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Chapter 8.

Loving is more of the essence of friendship than being loved.

Most people seem, owing to ambition, to wish to be loved rather than to love; which is why most men love flattery; for the flatterer is a friend in an inferior position, or pretends to be such and to love more than he is loved; and being loved seems to be akin to being honoured, and this is what most people aim at. But it seems to be not for its own sake that people choose honour, but incidentally. For most people enjoy being honoured by those in positions of authority because of their hopes (for they think that if they want anything they will get it from them; and therefore they delight in honour as a token of favour to come); while those who desire honour from good men, and men who know, are aiming at confirming their own opinion of themselves; they delight in honour, therefore, because they believe in their own goodness on the strength of the judgement of those who speak about them. In being loved, on the other hand, people delight for its own sake; whence it would seem to be better than being honoured, and friendship to be desirable in itself. But it seems to lie in loving rather than in being loved, as is indicated by the delight mothers take in loving; for some mothers hand over their children to be brought up, and so long as they know their fate they love them and do not seek to be loved in return (if they cannot have both), but seem to be satisfied if they see them prospering; and they themselves love their children even if these owing to their ignorance give them nothing of a mother's due. Now since friendship depends more on loving, and it is those who love their friends that are praised, loving seems to be the characteristic virtue of friends, so that it is only those in whom this is found in due measure that are lasting friends, and only their friendship that endures.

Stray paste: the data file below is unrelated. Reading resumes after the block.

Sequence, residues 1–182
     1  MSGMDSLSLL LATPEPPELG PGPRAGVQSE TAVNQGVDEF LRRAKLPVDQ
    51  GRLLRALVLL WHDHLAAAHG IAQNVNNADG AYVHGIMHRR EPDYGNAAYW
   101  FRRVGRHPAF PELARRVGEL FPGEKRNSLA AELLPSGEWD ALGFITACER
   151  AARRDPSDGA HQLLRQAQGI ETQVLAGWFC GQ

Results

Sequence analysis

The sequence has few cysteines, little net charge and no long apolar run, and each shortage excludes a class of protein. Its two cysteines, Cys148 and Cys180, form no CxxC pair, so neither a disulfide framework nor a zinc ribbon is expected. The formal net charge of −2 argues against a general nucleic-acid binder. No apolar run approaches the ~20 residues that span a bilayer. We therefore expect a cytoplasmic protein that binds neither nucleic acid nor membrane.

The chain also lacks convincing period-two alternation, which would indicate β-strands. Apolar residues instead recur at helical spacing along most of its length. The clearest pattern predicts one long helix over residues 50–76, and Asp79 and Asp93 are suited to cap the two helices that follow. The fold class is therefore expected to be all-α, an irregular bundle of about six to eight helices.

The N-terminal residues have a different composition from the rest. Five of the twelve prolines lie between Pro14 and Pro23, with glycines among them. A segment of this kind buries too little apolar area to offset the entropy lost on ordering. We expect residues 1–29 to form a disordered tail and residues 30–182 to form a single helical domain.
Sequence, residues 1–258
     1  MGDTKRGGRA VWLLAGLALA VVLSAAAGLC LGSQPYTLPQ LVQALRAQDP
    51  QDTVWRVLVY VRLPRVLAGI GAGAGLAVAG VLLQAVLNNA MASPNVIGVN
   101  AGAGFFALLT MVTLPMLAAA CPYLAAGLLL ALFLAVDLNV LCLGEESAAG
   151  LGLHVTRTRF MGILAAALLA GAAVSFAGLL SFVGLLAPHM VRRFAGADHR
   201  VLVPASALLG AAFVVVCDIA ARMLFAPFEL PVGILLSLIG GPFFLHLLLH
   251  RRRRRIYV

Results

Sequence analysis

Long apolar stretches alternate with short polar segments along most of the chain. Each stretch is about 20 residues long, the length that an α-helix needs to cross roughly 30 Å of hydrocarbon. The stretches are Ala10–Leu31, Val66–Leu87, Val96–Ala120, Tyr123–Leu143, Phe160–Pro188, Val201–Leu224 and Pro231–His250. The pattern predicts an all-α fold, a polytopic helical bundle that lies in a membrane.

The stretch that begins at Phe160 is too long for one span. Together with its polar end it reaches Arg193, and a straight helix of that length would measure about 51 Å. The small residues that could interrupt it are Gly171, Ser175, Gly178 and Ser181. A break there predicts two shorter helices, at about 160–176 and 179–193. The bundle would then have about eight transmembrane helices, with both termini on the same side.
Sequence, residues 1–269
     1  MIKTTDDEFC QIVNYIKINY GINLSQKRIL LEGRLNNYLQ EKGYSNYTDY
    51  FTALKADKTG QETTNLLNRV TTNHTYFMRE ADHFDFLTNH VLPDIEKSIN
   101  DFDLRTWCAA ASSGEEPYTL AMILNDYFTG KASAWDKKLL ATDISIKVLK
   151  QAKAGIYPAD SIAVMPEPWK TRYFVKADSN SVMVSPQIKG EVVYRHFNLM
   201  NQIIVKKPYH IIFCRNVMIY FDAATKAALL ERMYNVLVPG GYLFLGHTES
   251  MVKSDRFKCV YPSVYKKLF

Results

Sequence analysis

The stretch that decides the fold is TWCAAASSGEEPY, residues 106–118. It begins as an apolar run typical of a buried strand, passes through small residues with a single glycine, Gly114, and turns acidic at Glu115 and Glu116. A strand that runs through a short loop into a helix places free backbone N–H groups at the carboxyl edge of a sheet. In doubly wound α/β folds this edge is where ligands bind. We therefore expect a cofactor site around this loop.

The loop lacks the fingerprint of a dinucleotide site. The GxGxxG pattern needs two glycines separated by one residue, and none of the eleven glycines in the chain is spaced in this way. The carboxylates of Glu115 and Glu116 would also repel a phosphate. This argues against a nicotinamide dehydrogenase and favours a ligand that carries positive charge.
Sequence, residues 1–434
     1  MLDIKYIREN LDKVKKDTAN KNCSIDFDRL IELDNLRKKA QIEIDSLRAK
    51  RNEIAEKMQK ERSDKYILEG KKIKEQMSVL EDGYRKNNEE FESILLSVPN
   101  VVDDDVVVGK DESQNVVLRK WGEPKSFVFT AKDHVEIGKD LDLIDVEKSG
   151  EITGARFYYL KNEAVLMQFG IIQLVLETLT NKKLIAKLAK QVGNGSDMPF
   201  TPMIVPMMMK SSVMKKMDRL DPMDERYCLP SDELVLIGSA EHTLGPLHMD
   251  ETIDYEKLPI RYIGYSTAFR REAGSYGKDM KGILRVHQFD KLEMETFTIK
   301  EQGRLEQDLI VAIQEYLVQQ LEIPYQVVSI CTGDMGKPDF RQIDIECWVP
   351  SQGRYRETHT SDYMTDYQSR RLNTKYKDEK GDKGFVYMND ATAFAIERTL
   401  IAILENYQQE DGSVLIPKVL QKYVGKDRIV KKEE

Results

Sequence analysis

It is in this way more than any other that even unequals can be friends; they can be equalized. Now equality and likeness are friendship, and especially the likeness of those who are like in virtue; for being steadfast in themselves they hold fast to each other, and neither ask nor give base services, but (one may say) even prevent them; for it is characteristic of good men neither to go wrong themselves nor to let their friends do so. But wicked men have no steadfastness (for they do not remain even like to themselves), but become friends for a short time because they delight in each other's wickedness. Friends who are useful or pleasant last longer; i.e. as long as they provide each other with enjoyments or advantages. Friendship for utility's sake seems to be that which most easily exists between contraries, e.g. between poor and rich, between ignorant and learned; for what a man actually lacks he aims at, and one gives something else in return. But under this head, too, might bring lover and beloved, beautiful and ugly. This is why lovers sometimes seem ridiculous, when they demand to be loved as they love; if they are equally lovable their claim can perhaps be justified, but when they have nothing lovable about them it is ridiculous. Perhaps, however, contrary does not even aim at contrary by its own nature, but only incidentally, the desire being for what is intermediate; for that is what is good, e.g. it is good for the dry not to become wet but to come to the intermediate state, and similarly with the hot and in all other cases. These subjects we may dismiss; for they are indeed somewhat foreign to our inquiry.

Next: Chapter 9. Parallelism of friendship and justice: the state comprehends all lesser communities